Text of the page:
Every pop idol movie biography follows the familiar rags-to-riches path and always ends in glory, salvation or death.
Recent Oscar-winners such as Ray and Walk The Line both conform to that tried-and-trusted formula. Walk Hard: The Dewey Cox Story is an affectionate, beautifully crafted send-up of all the tired clichés and teary triumphs that we have come to know and love.
The film begins with the legendary Dewey Cox (John C Reilly) backstage before he receives a lifetime achievement award. Naturally, this prompts him to look back at the events that have shaped his life, including an unfortunate childhood incident with a machete that left his beloved brother in pieces. Well, two pieces to be precise.
Along the rocky road to stardom, Dewey has a tussle with Elvis (Jack White), a battle with drug addiction, chart-topping success, multiple marriages, a Bob Dylan period, a Brian Wilson-style meltdown and much more before he makes peace with his inner demons.
The best part of Walk Hard is the spoof songs with lewd Benny Hill lyrics such as "in my dreams you are blowing me... some kisses". The satire is spot-on and there is a great Sixties’ sequence in which Jack Black, Paul Rudd, Jason Schwartzman and Justin Long play The Beatles.
The real problem with Walk Hard is that so much talent, time and effort have gone into the making of a movie that is amusing without being uproarious and that just feels a little pointless.
Running Time: 96 minutes
The Good Night (Cert 15)
Stars:Martin Freeman, Penelope Cruz
Are dreams an escape from reality or a viable alternative to it? That’s the dilemma that Martin Freeman seems to be facing in this strange romantic drama that’s more bewildering than beguiling.
Set in New York but largely filmed in London, the whimsical story centres on musician Gary (Martin Freeman), who is stuck in a career rut and a dreary relationship with dowdy Dora (Gwyneth Paltrow) that is depressing both of them.
In his dreams, Gary meets the gorgeous, sophisticated Anna (Penelope Cruz) and is so enthralled by her that he even consults lucid dreaming expert Mel (Danny DeVito), who teaches him the tricks of intensifying his sleeping experiences. Then he spots an advert in which the glamorous model is the girl from his dreams.
The Good Night is a muddle and never seems to find its own voice. It begins as a confusing mock documentary with expert witnesses, including Jarvis Cocker, talking about Gary’s life and loves. This is soon abandoned for a more straightforward approach that veers into broadly comic territory with frequent scene-stealing appearances from Simon Pegg as Gary’s lecherous best friend Paul.
The scenes between Gary and his dreary girlfriend belong to a Pinter play. The dream sequences are like a lush pop promo from the Eighties. None of the pieces really fit together and the result is an odd, unpersuasive movie that isn’t saved by some bright moments, wise observations or the very endearing central performance of Martin Freeman.
Running Time: 99 minutes
Alien vs Predator – Requiem (Cert 15)
There was a time when the release of a new Alien film was big news. Now it’s just a cause for apprehension. How low will they sink to squeeze a few more bucks from a franchise that is already well past its sell-by date?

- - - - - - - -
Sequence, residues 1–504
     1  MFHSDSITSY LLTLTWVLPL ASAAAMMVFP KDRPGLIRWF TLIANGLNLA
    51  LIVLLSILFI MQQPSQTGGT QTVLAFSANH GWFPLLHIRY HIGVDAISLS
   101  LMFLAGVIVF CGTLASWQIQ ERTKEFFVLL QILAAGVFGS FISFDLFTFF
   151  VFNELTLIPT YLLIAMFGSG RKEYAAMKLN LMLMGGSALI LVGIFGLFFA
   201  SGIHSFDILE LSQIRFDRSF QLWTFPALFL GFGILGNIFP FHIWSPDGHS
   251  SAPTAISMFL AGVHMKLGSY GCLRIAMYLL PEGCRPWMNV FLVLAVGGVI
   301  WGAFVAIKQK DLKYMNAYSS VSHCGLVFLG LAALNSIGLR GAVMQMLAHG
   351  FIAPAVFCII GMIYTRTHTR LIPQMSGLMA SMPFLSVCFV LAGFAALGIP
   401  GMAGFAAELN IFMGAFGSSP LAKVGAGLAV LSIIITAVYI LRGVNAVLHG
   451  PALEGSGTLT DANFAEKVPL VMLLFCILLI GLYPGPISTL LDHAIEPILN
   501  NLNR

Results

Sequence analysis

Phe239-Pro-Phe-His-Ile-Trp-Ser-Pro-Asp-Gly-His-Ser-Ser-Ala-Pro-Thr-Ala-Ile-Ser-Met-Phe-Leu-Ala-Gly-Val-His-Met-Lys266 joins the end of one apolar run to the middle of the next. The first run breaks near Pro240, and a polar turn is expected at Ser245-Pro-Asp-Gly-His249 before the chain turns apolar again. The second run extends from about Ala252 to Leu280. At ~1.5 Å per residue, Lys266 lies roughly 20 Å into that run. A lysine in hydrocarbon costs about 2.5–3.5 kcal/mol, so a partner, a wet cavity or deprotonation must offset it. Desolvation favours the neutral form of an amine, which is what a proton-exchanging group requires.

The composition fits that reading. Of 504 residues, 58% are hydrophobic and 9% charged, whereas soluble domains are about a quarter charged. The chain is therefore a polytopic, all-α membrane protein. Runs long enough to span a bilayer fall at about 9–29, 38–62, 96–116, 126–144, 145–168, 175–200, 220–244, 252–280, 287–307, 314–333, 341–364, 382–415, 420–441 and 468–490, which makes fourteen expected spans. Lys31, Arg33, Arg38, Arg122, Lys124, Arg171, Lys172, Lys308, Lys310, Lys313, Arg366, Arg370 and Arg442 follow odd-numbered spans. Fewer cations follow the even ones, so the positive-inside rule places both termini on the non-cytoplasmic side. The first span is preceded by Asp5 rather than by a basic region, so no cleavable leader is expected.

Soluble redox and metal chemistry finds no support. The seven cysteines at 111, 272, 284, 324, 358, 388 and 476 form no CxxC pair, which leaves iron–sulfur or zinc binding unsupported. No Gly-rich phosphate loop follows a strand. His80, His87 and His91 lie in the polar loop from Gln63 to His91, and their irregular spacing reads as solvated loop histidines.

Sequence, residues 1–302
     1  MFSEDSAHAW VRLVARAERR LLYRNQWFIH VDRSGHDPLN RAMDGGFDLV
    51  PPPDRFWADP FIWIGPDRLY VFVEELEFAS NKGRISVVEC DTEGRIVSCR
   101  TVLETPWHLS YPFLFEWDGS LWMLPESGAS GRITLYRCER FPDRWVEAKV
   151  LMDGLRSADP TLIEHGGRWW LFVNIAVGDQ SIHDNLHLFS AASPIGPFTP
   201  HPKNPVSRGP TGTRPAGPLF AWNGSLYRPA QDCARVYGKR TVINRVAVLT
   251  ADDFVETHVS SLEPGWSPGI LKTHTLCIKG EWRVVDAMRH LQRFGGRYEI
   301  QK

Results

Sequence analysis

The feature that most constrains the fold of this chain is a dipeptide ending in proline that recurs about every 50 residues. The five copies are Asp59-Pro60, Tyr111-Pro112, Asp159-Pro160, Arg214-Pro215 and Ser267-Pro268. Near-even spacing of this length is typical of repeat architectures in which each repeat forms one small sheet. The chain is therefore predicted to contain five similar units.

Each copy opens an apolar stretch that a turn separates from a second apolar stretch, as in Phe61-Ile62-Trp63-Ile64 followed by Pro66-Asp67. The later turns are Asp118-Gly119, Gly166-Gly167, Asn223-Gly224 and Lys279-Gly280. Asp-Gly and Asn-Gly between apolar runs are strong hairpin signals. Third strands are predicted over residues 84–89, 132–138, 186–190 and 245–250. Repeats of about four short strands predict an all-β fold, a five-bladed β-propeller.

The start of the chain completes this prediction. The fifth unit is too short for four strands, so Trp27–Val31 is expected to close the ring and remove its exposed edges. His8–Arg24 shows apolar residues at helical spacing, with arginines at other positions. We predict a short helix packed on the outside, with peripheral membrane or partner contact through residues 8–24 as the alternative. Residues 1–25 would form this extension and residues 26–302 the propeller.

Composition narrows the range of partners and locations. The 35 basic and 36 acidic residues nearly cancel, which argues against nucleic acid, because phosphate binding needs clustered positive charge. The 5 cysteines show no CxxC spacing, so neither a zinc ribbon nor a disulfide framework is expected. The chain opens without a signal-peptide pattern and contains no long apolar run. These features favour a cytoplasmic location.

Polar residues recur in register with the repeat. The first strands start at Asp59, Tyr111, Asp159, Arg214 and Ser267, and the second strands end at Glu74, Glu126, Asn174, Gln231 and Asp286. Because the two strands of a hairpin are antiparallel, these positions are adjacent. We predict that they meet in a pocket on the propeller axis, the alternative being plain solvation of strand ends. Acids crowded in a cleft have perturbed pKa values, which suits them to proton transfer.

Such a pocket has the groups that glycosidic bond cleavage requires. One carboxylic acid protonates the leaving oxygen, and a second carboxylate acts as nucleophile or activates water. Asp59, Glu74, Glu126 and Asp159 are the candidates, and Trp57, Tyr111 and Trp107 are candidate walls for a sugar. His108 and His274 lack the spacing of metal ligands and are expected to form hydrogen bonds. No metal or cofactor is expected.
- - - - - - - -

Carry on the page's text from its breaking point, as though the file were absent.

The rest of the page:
The answer is pretty low in Aliens Vs Predator – Requiem, where the war between the drooling extra-terrestrial beasties and the invisible killing machine erupts on the streets and sewers of smalltown America.
On a technical level the film is well made but the risible dialogue and woeful human performances don’t help improve an incomprehensible storyline that saves its one clever idea for the final scene.
The film-makers operate on the principle that you must slaughter someone or blow something up every couple of minutes. The result is a movie that feels like a very confusing computer game. The ending suggests there could be more of these to come but it really is time to leave these poor creatures alone.
Running Time: 94 minutes
Back To Normandy (Cert n/c)
Thirty years ago Nicolas Philibert was hired as an assistant director on Moi, Pierre Riviere, the story of the notorious 19th-century murderer. The film had a unique flavour because of the location shooting and the decision to cast non-professionals from among local farmers.
In Back To Normandy, Philibert returns to record the memories of those who worked on the picture. The result is a modest documentary revealing the community’s pride in the project, some of the tragedies that have befallen the cast and Philibert’s very personal reasons for returning to the film.
Mostly of interest to cinephiles, this has charm and, if nothing else, could revive interest in the work of Philibert’s largely forgotten mentor Rene Allio and encourage fresh screenings of Moi, Pierre Riviere.
Running Time: 113 minutes
Shot In Bombay (Cert n/c)
THIS captures all the blood, sweat and tears involved in the production of true-life police thriller Shootout At Lokhandwala.
Director Apoorvia Lakhia’s job was made all the more challenging by the fact that star Sanjay Dutt was awaiting the verdict from a trial that had dragged on for 14 years.
Charged with illegal arms possession, he was finally sentenced to six years’ imprisonment and is understandably a little distracted and frequently absent from a production that struggles to create order from what often appears to be complete chaos.
An interesting tale, especially for those with a fondness for Bollywood films.